But read those last sentences again. He doesn’t owe Wonder Woman, the movie, undue respect if the movie hasn’t earned it. Indeed, he says that his review of the flick — that it’s “not … a very good movie” — stands. He can acknowledge that it’s an “important” movie, though — a judgment that belongs to a slightly wider conversation than the “thumbs up-thumbs down” movie review might permit. Did he do wrong with the initial review? I don’t think so. But that doesn’t mean it didn’t miss out on something.

Underlying all this (I think) is this sense, among white dudes, that their experience is the median, and that the white dude consensus about, well, anything is the conventional wisdom — maybe even objective truth — about a thing. But we all bring ourselves, our lives into the movie theater with us, and those perspectives affect how we see the movie. To say a movie is “important” without calling it good is a way of beginning to acknowledge those other perspectives.

It’s worth noting that the front page of Rotten Tomatoes “Wonder Woman” page features 20 reviews of the movie — and just five of them are women. The second page? Twenty more reviews, just one identifiable woman.

Think that influences our perspective, even a tiny bit?

I’m not sure that I’m articulating exactly what I want to say here. (One friend allowed I might be suffering from kneejerk leftism on this matter.) It just seems to me that white dudes — I am one — are often like fish in the ocean: They swim in a culture that often facilitates their desires. That’s not a culture that requires them to consider the feminist politics of a piece of art, or one that makes them grapple with why a movie might be important without necessarily appealing to them.

Apparently, it’s very upsetting when something comes along to challenge that.

Going to see the movie this weekend!

Cheers,

Joel

A Brief List of Slavery-Deniers

Dear Joel,

Robert Curry’s view of American history is tragically narrow. For those who haven’t read the short piece that you cited last week, Curry wonders why Obama was so quick to recognize the importance of Islam in the US when it was Christianity that this nation was all about.

Of course, that argument, as you note, ignores the many Muslims who were forcibly brought to the colonies and later the United States as the victims of slavery. It’s like Curry seems to think that the nation was built by Episcopalians and Puritans, not by the actual work of enslaved Africans and their descendants.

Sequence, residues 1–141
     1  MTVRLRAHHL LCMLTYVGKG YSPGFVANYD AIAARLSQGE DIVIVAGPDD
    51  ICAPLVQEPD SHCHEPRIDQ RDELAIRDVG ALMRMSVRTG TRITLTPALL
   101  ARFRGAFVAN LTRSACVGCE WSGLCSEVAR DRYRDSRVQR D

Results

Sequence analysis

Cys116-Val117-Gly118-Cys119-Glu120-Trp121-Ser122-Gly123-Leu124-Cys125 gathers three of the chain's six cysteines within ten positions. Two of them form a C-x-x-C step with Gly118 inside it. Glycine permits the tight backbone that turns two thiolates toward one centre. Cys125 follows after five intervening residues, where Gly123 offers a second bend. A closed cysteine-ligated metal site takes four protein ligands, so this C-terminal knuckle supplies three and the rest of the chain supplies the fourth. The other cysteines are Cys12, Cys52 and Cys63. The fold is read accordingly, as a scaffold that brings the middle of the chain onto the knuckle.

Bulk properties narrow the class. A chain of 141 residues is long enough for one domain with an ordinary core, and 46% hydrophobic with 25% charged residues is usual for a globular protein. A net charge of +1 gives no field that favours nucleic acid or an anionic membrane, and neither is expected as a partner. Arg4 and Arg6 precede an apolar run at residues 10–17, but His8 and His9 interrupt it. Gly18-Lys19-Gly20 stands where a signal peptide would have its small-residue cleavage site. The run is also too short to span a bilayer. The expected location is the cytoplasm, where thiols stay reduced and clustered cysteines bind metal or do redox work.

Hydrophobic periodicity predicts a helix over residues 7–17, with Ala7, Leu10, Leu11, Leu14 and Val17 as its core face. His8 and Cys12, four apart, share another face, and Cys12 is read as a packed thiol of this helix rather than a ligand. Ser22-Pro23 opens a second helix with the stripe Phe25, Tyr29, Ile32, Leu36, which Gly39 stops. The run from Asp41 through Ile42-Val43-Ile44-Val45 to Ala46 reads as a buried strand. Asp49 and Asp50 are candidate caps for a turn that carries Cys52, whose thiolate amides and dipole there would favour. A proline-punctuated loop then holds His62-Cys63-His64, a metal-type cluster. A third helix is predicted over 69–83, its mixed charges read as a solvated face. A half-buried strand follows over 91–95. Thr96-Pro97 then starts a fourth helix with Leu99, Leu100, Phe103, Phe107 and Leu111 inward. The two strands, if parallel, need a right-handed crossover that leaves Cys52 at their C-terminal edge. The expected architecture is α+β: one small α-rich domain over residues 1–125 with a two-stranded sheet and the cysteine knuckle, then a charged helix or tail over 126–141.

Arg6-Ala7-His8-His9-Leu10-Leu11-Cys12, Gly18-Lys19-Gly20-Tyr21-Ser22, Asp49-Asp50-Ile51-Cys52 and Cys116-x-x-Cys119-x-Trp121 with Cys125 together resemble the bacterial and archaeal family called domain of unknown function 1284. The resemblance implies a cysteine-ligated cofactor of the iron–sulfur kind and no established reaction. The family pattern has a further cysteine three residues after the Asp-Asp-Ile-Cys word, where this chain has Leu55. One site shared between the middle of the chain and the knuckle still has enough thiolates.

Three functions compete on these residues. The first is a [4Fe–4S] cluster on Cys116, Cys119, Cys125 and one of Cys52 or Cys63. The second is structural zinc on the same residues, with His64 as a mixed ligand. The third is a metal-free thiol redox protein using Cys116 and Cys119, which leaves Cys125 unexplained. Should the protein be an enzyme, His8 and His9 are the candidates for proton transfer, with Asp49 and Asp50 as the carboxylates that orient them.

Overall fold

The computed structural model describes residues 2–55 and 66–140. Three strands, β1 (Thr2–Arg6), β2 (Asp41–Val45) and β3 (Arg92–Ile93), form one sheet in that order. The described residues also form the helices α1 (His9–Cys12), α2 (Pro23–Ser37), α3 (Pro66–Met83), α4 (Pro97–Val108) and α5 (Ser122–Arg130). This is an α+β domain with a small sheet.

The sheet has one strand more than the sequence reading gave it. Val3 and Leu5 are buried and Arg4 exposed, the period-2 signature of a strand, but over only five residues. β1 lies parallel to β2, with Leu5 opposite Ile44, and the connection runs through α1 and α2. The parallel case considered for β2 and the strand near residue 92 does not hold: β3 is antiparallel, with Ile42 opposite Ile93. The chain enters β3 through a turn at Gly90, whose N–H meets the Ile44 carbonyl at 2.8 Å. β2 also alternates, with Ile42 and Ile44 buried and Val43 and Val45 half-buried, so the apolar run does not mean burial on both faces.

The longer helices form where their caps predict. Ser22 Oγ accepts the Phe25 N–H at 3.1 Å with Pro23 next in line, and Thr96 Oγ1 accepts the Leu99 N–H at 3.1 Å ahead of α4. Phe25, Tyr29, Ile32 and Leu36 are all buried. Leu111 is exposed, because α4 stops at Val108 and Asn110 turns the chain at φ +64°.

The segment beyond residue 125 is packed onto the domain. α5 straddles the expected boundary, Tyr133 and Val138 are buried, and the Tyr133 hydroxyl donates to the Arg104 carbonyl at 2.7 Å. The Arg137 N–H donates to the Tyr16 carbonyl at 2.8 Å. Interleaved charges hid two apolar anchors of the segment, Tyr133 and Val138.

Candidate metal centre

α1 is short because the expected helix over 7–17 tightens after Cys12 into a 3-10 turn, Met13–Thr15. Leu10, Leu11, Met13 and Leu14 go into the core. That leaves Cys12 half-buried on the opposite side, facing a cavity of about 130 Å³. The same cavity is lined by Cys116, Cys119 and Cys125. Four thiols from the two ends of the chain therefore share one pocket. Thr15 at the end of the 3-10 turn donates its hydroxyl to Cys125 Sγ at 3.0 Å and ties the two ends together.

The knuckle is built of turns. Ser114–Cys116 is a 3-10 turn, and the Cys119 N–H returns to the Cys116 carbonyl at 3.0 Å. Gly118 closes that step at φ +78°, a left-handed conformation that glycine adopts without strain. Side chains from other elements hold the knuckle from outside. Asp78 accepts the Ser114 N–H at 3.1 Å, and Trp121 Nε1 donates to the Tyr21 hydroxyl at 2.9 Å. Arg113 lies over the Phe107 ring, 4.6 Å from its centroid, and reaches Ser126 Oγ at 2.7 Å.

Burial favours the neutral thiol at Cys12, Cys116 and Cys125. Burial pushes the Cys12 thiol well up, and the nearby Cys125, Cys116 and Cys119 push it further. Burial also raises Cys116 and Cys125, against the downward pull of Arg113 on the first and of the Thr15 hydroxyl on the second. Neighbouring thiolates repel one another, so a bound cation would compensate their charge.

Curry ignores that fact that slavery–which brought not only Islam but also food and music derived from Africa–was a key part of the founding of the nation, including in the most religious of places. Curry exalts George Whitfield as “the first truly American public figure, equally famous in every colony,” but Whitfield was also an advocate of the expansion of slavery and profited from that national sin. Would Whitfield have been preaching to crowds of 10,000 if he had challenged slavery rather than supported it? What would his ministry have looked like had he not been pulling in income from the theft of human beings from Africa?

Curry isn’t alone in erasing slaves (and their religions) from American history. Take the plantation tour of your choice; you’re probably going to learn about hoop skirts and architecture, but you may have to ask about slavery and the people whose labor allowed whites the profit to build those grand houses. If you ask, you may be rebuffed by an embarrassed tour guide. Embarrass them further by asking why they don’t know this part of the place’s history.

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Above, a white couple marries at Nottoway Plantation, which bills itself as “the largest antebellum mansion.” Guests can enjoy the property built and maintained by people who could legally be killed by white supremacists. How romantic! 

Or attend Kappa Alpha’s “Old South” themed frat party. Check them out while they parade in front of a black sorority.

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Above, members of a white Greek organization pose for photos of themselves dressed up like slave owners. Universities trying to defend them say that they don’t “these young folks were in any way trying to be racist” but simply didn’t understand “the broader implications of what they were doing.”

Or read MacGraw-Hill’s US history textbook to see white sins erased as the people they bought and sold are called “workers.”

Or listen to Ben Carson call those who were stolen from their homes, shipped in inhumane conditions across the sea, and sold for profit called “immigrants“–as if they were seeking a better life, not being treated as chattel.

So, while it’s obvious to anyone who has ever thought about it that slavery–and therefore Islam–is central to US history, we need to keep reminding folks of that.

Rebecca